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Remarks by Secretary Napolitano Announcing Fiscal Year 2009 FEMA Preparedness Grants

Release Date: 
June 17, 2009

For Immediate Release
Office of the Press Secretary
Contact 202-282-8010
Washington, D.C.

Secretary Napolitano:  Good afternoon. I'm Janet Napolitano, the Secretary of Homeland Security, and I'm standing with Craig Fugate, who is the head of the Federal Emergency Management Agency [FEMA]. And we are very pleased to be here today to announce $1.7 billion in Department of Homeland Security [DHS] grants. These grant programs are a key part of how the Department of Homeland Security helps to prepare and strengthen our country against terrorism and against disasters. 

Now, the way we combat terrorism is not through a constant state of fear but a constant state of preparedness. No one can predict when a disaster or a terrorist attack could occur. But what we can do is take control through preparing ourselves and our communities.

The Department of Homeland Security works with our partners in state, local, tribal, and territorial governments to achieve this state of preparation. These partners will put DHS grants to work to secure America's communities, public places, and critical infrastructure as part of our national preparedness effort. 

Now, this year we undertook unprecedented outreach to our partners. This ensures the very best value for every grant dollar that we are announcing today. The many improvements we've made to the system will have a real security impact in our communities.

$1.7 billion is a lot of money, so let me break down the purposes for which the money will be used.

We are dedicating $861 million to the State Homeland Security Program. Let me repeat that. We are dedicating $861 million to the State Homeland Security Program. This funding is dedicated to helping state and local governments implement the goals and objectives of their own state homeland security strategies. Now, all states and territories will receive some funding, but risk is a big factor in allocation as well.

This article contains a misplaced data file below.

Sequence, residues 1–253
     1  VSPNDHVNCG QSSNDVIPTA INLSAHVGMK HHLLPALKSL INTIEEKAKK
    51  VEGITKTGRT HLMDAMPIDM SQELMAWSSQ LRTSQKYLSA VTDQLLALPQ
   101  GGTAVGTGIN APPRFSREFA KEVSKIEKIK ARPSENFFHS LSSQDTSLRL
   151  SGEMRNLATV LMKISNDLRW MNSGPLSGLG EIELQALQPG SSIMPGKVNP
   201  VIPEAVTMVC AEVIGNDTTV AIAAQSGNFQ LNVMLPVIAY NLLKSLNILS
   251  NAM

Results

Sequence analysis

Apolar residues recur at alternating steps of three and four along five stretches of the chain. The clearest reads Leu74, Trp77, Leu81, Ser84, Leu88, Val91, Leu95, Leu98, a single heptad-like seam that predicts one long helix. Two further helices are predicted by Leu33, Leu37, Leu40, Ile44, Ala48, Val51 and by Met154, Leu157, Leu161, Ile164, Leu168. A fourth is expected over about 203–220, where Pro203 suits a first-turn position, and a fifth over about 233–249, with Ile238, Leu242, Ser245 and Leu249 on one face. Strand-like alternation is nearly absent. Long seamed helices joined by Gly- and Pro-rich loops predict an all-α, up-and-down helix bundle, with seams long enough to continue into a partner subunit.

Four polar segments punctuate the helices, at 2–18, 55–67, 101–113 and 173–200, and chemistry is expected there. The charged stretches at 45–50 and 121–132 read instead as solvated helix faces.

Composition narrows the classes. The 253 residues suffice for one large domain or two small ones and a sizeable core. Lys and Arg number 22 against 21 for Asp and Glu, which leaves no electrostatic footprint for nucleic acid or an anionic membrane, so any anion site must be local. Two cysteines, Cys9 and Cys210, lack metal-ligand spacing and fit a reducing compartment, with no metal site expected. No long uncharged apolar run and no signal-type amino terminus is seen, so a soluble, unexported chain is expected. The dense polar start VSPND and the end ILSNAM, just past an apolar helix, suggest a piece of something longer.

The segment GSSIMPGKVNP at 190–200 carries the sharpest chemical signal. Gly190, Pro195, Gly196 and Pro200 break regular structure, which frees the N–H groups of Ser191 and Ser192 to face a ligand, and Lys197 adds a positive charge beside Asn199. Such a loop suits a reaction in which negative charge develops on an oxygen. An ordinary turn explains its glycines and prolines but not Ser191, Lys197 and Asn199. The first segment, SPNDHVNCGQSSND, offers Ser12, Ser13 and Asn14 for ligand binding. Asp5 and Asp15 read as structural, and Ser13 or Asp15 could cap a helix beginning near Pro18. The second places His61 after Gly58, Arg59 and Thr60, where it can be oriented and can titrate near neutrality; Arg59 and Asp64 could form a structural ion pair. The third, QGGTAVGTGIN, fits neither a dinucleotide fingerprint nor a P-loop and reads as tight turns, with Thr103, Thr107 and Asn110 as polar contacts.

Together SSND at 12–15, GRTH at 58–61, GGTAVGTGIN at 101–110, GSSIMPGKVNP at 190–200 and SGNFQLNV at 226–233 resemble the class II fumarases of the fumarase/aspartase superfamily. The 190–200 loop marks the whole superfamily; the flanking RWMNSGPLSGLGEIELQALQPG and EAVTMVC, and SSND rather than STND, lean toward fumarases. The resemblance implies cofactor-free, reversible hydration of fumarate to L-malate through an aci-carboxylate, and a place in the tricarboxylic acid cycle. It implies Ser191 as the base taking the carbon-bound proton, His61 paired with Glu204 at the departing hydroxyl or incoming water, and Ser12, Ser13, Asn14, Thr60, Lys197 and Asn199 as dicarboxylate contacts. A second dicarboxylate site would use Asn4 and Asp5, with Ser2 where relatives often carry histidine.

We are allocating $799 million to the Urban Area Security Initiative grant program, UASI. Let me say that again. We are dedicating $799 million to the Urban Area Security Initiative grant program. This advances preparedness in our nation's large metropolitan areas. This money goes to 62 of our highest risk urban areas, but of that money, 55 percent will go to the nation's seven highest risk urban areas.

In addition, nearly $40 million is being distributed to 124 cities through the Metropolitan Medical Response System (MMRS) program. Nearly $40 million to the Metropolitan Medical Response System program. This is designed to help integrate emergency management and medical systems in case of a disaster.

The Department of Homeland Security will also issue $34 million to the Regional Catastrophic Preparedness Grant Program. This supports disaster coordination and planning for pre‑designated high risk areas.

And in addition, nonprofit organizations with particular security risks will benefit from $15 million in grants that are carved out of the Urban Area Security Initiative. This is designed so that high risk nonprofits can take their own security measures.

Now, I think we saw last week the need for these types of grants with the attack at the Holocaust Memorial Museum. And while the Holocaust Museum has never itself asked for any grant funds, about 63 percent of the recipients of the nonprofit grants being awarded today are affiliated with Jewish organizations.

We are also distributing $14.5 million through the Citizen Corps Program (CCP) to strengthen community involvement and preparedness, and $1.8 million in direct tribal aid to tribal governments to enhance their own homeland security objectives.

Now, a few points about how we improve the grant process, and then I'll open it up for questions.

First, we listened. Target allocations this year are based on stakeholder feedback.

Second, we understood the principle of sustainment, dedicating ourselves to projects that have staying power beyond a single grant program or grant cycle. We've made sure our partners know how funds can be used and should be used in sustained ways over time.

And third, we have streamlined the grant process. We're always trying to make the grant process more efficient for those would use it—simpler and easier to sustain, as I mentioned before.

And as I said earlier, the goal of these programs is to help our states, our communities, our tribes, our territories, to achieve a constant state of preparedness, the constant state we need to be in—in order to be as secure as we can be.

In closing, let me thank all of our partners in this process. Let me also thank the men and women of the Department of Homeland Security who have been involved in making this announcement today. 

With that, I'll be happy to answer any questions.

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